Eighteen exemplary compositions of this invention are identified on Table I. All contain combinations of surfactant, peroxy bleach, and porphine bleach within the scope of this invention. The individual components of these compositions are identified in the footnotes which follow the table. Composition numbers 5, 12 and 15 are in liquid form, and the balance of each composition is water. The remaining compositions are in solid form, and each composition contains 10% water with the balance sodium sulfate.
These compositions are tested in the manner described in Example I. Washing temperatures are 90° C. for compositions 2, 3, 9, 12, 14 and 17, and 40° C. for the remainder. In each case fabrics washed in the composition of this invention show substantially greater stain removal than fabrics washed in compositions omitting either peroxy bleach or porphine bleach.
TABLE I__________________________________________________________________________Wt.%Compo- Peroxy Peroxy OthersitionSurfac- Bleach Porphine Bleach Compo-No. tant Av. Ox. Bleach Activator Builder nents__________________________________________________________________________1 5% Sa 4.5% Pa 0.004% pf 1.5% Aa 30% Ba 1% Oa2 40 Sb 0.2 Pe 0.010 pa3 25 Sc 2.5 Ph 0.10 pl 10 Bj 0.1 Ob4 10 Sd 0.5 Pi 0.022 pg 70 Ba 10 Oc 10 Bh 0.05 Og5 16 Se 4.0 Pg 0.001 pb 15 Ab 10 Oc6 24 Sf 0.6 Pn 0.50 pc 40 Bd 0.5 Oa 0.1 Of7 26 Sg 0.4 Pb 0.013 pk 1.0 Ae 20 Bb 0.5 Ok8 50 Sh 3.5 Pj 0.003 po 0.5 Od9 20 Si 0.7 Pd 0.007 pm 44 Bc 2 Oc 6 Bf10 18 Sj 2.0 Pm 0.002 ph 15 Bb 0.2 Oe 10 Bi 1.0 Oj11 35 Sk 0.6 Po 0.04 po 40 Bg 0.2 Ob12 12 Sl 3.0 Pc 0.30 pn 8 Oc13 30 Sm 1.5 Pk 0.005 pd 25 Ba 10 Oh 10 Bf14 45 Sn 0.3 Pf 0.20 pj 0.01 Of 12 Oc15 15 So 5.0 Pl 0.017 pq 0.1 Oe16 6 Sc 0.3 Pf 0.004 pr 1.0 Ac 14 Bg 6 Sf 6 Bf17 10 Sa 3.5 Pb 0.02 Pe 5 Sg18 12 Sj 0.5 Pe 0.40 pi 3.0 Ad 30 Bd 3 Ok 8 Sk 30 Be__________________________________________________________________________ Footnotes to Table I: Surfactants Sa C12 branched chain alkyl benzene sulfonate (ABS), sodium salt Sb C12 linear alkyl benzene sulfonate (LAS), sodium salt Sc coconut alkyl sulfate, sodium salt Sd ethyl ester of C18 alpha sulfocarboxylate, sodium salt Se tallow soap Sf alkyl polyethoxy alcohol sulfate having 11 carbon atoms in the alkyl group and 2 mols ethylene oxide per mol of alcohol, sodium salt Sg alkyl polyethoxy alcohol having 16 carbon atoms in the alkyl group and 25 mols ethylene oxide per mol of alcohol Sh polyethoxy polypropoxy glycol having a molecular weight of 5000, half of which represents the polypropoxy base and half of which represents hydrophilic polyethoxylate Si dimethyl C12 amine oxide Sj C16 alkyl dimethyl ammonio propane sulfonate Sk coconut alkyl trimethyl ammonium chloride Sl ditallow dimethyl ammonium chloride Sm trioctyl methyl ammonium chloride Sn stearoyl choline ester quaternary ammonium bromide ##STR47##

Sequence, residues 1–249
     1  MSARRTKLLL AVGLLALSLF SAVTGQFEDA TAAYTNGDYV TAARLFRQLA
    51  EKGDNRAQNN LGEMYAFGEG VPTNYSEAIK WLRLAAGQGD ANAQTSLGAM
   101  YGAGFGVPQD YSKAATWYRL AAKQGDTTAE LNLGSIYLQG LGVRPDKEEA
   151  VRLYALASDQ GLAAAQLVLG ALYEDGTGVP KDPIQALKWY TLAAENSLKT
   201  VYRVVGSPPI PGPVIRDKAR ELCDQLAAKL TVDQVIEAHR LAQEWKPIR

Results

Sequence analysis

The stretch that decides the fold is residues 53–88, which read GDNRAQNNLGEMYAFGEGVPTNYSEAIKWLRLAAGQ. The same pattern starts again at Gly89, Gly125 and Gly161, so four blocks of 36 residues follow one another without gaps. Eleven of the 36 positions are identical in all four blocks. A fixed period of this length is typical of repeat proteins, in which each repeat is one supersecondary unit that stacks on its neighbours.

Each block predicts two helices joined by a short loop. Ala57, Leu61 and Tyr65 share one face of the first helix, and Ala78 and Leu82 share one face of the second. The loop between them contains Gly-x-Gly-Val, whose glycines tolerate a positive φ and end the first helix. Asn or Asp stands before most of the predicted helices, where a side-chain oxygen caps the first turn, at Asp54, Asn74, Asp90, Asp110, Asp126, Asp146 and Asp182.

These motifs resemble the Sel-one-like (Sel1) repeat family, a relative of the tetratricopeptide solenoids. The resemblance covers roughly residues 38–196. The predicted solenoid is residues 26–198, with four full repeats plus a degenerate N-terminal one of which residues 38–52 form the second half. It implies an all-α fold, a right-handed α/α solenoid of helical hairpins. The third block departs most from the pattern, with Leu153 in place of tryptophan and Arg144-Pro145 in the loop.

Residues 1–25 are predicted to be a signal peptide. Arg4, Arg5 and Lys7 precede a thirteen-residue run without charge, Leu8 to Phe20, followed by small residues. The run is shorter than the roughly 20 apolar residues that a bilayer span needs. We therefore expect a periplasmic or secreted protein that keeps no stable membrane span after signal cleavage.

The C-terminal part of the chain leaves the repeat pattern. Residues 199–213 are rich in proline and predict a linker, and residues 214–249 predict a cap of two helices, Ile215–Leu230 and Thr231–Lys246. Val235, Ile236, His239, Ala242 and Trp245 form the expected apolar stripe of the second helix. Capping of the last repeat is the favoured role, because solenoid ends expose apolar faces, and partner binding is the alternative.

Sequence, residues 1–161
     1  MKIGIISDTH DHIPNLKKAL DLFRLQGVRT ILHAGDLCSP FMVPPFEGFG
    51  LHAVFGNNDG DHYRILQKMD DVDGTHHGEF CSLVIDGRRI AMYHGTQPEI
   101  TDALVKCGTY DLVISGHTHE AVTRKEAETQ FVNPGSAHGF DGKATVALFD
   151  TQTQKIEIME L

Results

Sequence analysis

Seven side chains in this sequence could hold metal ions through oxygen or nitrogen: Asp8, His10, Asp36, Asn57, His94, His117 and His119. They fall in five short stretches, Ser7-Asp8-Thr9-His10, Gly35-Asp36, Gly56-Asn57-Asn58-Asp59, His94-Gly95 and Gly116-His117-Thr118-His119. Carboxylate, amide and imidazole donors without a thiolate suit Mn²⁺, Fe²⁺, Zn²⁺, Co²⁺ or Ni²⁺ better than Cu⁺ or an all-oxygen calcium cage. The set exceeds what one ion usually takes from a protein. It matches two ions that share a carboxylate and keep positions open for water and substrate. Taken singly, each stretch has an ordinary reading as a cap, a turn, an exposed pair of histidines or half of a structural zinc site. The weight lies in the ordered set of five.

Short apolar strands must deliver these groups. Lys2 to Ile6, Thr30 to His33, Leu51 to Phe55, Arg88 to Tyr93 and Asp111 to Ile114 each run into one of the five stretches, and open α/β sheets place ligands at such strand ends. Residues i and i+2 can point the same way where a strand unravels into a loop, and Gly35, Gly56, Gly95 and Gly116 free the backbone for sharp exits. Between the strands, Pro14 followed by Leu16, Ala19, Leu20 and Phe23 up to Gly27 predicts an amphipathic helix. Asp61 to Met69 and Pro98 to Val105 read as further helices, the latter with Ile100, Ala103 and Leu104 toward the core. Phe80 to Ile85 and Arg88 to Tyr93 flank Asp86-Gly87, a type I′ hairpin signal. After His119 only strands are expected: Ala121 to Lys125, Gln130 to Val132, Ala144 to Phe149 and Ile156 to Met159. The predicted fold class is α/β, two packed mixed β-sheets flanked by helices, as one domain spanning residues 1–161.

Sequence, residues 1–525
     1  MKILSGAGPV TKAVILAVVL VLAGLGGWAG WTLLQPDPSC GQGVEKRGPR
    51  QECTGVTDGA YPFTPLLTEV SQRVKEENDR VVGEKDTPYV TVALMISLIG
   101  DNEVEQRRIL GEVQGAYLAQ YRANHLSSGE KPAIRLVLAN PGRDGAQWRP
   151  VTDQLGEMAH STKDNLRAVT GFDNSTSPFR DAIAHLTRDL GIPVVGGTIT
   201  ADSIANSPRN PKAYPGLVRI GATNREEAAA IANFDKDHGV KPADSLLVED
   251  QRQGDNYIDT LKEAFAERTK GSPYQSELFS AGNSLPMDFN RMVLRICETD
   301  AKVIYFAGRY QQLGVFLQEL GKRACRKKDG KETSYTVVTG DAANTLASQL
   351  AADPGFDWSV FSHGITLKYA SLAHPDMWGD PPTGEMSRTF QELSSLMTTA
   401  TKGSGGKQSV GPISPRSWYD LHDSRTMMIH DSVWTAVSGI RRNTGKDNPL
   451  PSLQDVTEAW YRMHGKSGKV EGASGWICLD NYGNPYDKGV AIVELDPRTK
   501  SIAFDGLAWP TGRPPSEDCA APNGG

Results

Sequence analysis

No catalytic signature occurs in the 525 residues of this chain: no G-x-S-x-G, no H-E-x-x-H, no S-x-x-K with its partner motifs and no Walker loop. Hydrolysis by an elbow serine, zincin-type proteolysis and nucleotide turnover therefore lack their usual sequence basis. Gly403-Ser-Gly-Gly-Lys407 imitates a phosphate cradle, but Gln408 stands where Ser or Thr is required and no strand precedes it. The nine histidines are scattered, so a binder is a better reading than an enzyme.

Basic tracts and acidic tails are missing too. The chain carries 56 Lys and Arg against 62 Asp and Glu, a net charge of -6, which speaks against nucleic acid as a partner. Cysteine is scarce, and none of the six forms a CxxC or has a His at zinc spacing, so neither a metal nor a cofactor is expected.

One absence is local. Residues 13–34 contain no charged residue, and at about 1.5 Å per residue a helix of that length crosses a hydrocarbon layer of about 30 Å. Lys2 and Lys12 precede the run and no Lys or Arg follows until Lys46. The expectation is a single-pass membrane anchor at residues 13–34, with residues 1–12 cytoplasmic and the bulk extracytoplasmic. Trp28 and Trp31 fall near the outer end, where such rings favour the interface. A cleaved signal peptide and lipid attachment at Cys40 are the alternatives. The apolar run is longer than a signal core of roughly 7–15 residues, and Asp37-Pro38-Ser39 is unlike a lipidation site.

(Pa) sodium perborate monohydrate
(Pb) potassium perborate tetrahydrate
(Pc) sodium perborate tetrahydrate
(Pd) potassium perborate monohydrate
(Pe) potassium percarbonate
(Pf) potassium monopersulfate
(Pg) sodium perphosphate
(Ph) urea peroxide
(Pi) diperazelaic acid
(Pj) diperdodecanedioic acid
(Pk) monoperoxy phthalic acid
(Pl) m-chloroperoxy benzoic acid